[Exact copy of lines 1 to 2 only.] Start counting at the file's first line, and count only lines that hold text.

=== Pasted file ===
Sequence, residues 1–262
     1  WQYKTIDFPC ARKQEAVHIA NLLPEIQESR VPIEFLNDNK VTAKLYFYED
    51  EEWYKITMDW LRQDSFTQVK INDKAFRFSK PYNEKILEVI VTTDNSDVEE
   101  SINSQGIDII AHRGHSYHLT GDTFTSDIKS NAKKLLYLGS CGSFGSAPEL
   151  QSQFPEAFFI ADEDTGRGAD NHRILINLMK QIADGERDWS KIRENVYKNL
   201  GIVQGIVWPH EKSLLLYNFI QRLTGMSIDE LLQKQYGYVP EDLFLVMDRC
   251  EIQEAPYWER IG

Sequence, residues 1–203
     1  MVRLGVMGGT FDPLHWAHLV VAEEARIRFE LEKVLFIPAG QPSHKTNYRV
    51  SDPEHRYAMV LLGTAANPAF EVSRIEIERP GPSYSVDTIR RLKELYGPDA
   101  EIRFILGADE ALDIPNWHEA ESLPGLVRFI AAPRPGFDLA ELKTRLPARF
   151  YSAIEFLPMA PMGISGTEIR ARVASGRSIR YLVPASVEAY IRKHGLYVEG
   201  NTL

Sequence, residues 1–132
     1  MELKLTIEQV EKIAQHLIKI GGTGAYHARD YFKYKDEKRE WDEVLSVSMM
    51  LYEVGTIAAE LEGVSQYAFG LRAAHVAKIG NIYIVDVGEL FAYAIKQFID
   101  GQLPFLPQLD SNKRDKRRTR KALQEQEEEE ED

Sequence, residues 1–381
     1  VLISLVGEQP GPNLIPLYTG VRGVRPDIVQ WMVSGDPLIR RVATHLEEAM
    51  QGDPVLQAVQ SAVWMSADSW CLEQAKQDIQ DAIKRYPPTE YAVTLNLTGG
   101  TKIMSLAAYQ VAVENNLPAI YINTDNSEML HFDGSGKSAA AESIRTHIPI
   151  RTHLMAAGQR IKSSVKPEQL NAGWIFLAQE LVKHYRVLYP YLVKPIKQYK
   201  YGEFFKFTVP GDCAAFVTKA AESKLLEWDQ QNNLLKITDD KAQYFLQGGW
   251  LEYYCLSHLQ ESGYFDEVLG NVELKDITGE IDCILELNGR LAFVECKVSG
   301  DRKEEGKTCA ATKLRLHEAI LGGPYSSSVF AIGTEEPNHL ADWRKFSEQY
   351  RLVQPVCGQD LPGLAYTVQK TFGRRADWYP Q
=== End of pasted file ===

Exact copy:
Sequence, residues 1–262
     1  WQYKTIDFPC ARKQEAVHIA NLLPEIQESR VPIEFLNDNK VTAKLYFYED